This is how to make my small hive
aim of this trap is to be super effective, super cheap, non
time-consuming, and super easy. I think I have cone up with a
picture says a thousand words, so here is it is.....
Scroll down it is a long page.
|This is just a $3 tray from Kmart (Australia) I am
waiting for them to
get some more in stock. The girl on the check out must think I am into
some serious baking!
||My trusty GMC drop saw with a standard
|Remember that the teeth are off set to the left and the
right so the
cut will be larger than the teeth.
Don't forger your safety boots when working with power tools :) It is
Queensland after all!
|Make sure that the slots are no larger than this...
If a few bees get through, you have made the slots to large.
tried a stack of sizes. The best size is one that the bees
only just not fit through. If the bees can half stick there heads
though, you have the perfect size for your bees.
That way the small hive beetle can not just hide in the slot.
is how I attached the trap. It is just two pieces of wood with slots
cut in them. Make the slots deep enough so you can slide the tray. See
how it can slide out . This means you don't have to open your hive
to check the trap. Neat
|Here is one of my hives. See how the trap fits.
is a joy to see. Hundreds of small hive beetle. The trap has been on
this hive for just one week!!! I had no idea that there were this many
When I inspected my hives, I would see four or five. Nothing like
They must be flying in from some where.
hive is only two months old. It is a swarm that I caught with Graham.
It is doing
very well, and looks very healthy. It has just filled a super in 2
weeks. It could be the smell of honey flow that is attracting them. I
am not sure
theory behind the trap......
If you look at you hive and you are in an area that
has SHB, then you will see a few small hive beetle. If you
you will see your bees attacking them - well chasing them, as
attacks don't seem to work. As they chase them all around the frames,
beetle seem to be a little clumsy, and some times they falls off the
When they are on the bottom board, the bees chase them around until
they find a corner to hide in. Using this behavior, I have designed my
trap. It is a bottom board trap. This is for a number of reasons.
*First. Every time a new beetle enters your hive, it must crawl over
board near the entrance. It will be chased by bee as it does. If is is
caught by a trap there, well you have a solution.
*Second if a
beetle makes it to your frames, it will be chased by you bees. Every so
often, it will fall off the frames, where it may be caught by the trap
*Third beetle seem to have an affinity for cracks and
corners. By cutting out the bottom board, you have made a corner for
the beetle to run in. Make sure that when to cut you bottom board out,
use a large drill bit on each of the four corners, so that there is no
sharp corner for the beetle to hide in. That way the small hive beetle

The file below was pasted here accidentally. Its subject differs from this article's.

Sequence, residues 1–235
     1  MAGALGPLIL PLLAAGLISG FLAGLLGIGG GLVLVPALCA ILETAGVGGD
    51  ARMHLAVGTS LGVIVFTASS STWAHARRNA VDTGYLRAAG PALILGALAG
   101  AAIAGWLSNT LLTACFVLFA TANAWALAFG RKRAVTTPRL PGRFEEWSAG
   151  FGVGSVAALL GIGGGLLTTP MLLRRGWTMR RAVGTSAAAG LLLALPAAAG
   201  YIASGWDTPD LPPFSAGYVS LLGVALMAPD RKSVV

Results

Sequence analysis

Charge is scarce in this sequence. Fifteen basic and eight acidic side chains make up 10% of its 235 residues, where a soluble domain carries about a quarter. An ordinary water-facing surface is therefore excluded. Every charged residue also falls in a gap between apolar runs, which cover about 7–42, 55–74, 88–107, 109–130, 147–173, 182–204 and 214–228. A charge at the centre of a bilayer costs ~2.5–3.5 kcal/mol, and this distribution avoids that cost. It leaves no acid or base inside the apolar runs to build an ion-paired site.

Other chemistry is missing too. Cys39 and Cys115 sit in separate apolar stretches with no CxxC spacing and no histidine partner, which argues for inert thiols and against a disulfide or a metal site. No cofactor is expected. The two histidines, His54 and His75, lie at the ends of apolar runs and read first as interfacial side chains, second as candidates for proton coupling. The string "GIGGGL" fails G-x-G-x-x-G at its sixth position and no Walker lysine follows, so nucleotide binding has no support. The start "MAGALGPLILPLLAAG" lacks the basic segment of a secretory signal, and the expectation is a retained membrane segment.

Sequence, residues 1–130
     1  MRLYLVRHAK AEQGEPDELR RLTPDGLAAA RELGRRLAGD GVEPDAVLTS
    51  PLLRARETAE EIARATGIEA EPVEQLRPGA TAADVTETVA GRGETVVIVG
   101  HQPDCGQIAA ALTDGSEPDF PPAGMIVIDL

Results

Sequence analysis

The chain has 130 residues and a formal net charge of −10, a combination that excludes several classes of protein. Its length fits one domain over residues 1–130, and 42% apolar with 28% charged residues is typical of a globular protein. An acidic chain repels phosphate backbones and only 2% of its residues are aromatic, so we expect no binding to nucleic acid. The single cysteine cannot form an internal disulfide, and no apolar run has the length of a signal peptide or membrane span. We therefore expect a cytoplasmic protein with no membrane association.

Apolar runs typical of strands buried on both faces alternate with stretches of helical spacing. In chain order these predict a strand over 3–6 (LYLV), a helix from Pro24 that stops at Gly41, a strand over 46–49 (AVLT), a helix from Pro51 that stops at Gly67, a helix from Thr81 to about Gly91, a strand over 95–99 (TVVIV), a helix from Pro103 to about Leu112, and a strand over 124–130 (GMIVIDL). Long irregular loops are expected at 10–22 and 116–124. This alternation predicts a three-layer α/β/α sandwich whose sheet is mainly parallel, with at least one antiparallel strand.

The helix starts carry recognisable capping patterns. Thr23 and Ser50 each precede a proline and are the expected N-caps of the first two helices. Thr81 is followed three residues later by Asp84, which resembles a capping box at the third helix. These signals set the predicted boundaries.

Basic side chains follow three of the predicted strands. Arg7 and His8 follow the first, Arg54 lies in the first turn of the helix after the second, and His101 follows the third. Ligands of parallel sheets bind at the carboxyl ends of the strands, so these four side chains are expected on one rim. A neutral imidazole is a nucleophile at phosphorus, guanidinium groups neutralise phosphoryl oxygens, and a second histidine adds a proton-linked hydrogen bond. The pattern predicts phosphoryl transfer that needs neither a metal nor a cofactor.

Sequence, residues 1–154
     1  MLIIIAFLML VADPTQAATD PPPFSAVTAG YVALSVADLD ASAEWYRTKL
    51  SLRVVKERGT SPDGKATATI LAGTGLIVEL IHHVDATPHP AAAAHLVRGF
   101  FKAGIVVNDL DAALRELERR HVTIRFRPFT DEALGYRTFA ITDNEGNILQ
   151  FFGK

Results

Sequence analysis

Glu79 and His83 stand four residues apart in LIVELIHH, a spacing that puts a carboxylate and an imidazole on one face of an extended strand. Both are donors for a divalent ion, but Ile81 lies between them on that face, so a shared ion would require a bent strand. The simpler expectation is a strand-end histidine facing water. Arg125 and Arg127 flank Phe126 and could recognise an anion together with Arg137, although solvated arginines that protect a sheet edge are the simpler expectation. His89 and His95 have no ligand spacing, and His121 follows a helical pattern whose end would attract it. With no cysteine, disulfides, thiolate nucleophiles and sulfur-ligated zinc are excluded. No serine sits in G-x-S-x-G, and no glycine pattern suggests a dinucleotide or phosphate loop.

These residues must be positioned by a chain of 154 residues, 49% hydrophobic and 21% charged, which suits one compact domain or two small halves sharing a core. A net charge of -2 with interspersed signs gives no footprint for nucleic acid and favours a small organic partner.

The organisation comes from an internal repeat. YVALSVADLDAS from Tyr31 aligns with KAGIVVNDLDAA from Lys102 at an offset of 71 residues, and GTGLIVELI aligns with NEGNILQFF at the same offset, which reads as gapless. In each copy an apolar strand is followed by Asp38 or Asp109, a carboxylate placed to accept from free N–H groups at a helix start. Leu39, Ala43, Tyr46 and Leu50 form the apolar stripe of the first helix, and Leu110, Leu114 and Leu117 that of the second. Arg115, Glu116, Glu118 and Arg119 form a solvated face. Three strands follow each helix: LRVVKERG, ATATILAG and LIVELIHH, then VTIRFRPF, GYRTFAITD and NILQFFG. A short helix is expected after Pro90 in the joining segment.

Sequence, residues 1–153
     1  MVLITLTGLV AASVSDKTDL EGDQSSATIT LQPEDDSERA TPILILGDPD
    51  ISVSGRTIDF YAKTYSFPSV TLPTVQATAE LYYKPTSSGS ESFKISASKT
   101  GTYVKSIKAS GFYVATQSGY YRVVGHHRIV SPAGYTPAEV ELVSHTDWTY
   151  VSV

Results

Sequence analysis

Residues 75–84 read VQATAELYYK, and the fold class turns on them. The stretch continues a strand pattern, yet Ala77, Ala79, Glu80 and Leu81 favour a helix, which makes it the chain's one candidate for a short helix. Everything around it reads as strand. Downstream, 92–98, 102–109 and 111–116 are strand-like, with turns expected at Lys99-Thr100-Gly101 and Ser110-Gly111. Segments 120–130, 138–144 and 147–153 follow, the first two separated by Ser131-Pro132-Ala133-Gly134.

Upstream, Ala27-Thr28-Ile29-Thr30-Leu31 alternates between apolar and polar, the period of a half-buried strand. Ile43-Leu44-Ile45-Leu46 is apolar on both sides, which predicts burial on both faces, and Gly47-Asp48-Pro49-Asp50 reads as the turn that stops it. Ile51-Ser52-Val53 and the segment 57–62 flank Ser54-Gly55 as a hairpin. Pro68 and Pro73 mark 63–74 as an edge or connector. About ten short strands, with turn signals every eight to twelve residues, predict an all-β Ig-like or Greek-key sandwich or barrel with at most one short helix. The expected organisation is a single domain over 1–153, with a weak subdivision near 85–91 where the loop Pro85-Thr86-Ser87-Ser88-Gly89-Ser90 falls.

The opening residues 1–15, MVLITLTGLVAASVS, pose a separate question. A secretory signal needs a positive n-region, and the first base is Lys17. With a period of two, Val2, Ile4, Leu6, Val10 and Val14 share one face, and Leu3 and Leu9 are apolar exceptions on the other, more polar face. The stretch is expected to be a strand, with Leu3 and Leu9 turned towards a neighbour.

will run around and around, until they dive down the slot in your trap.
I think I am just like everyone else. I don't like extra
added to my work load. I wanted a trap that took a minimum of time to
inspect and service. That is why the trap is external from the hive,
and it has oil -just plain old cooking oil, not a powder like lime etc.
When a beetle falls, it takes a second or two for it to right itself
and start to fly. That is why it is important to have the oil
reasonably close to the slots. -Use a shallow baking tray, they work
better than loaf trays.
*Last The beetle are in you hive for one
reason. To lay larvae. This larvae has to get out of your hive and into
the ground to pupate. I think that if a hive has any beetle at all, the
the chances are that there are a few larvae working around you hive.
The bees should be ok if the numbers are small. Having a bottom board
trap means that if there is any larvae in your hive, the on the way out
to pupate, there is a very good chance that they will also be caught in
I live in
Queensland, and it seems SHB is more prevalent in humid areas.
Powders like lime go hard in a month in areas of high humidity, so a
liquid is the go. I am thinking of putting a hole in the tray - just
near the top, so that in the highly unlikely event of the trap filling
with water- (thought the hive door) then the tray would fill, the
would rise until it got to the hole and could not go into the hive.
is the theory behind my trap, and in my opinion why it works so well. I
have top traps - AJ traps in my hives also. At present my
board traps are catching about 20 times as many beetle as the
have stolen points from many other designs - including Lawrence's trap.
Read all that I can, and
watched the bees and the beetles to come up with my design. Be aware
however that I wish my trap to be publicly available, and the design
free for all to use. There is no perfect solution, but at this time
this trap is working really well for me. Give it a try. Should
improvements on the design be made, well
lets share them with everyone else. Email me your ideas, so I
put them up here and we
can all benefit.
If you want any more information or comments feedback, just send me an email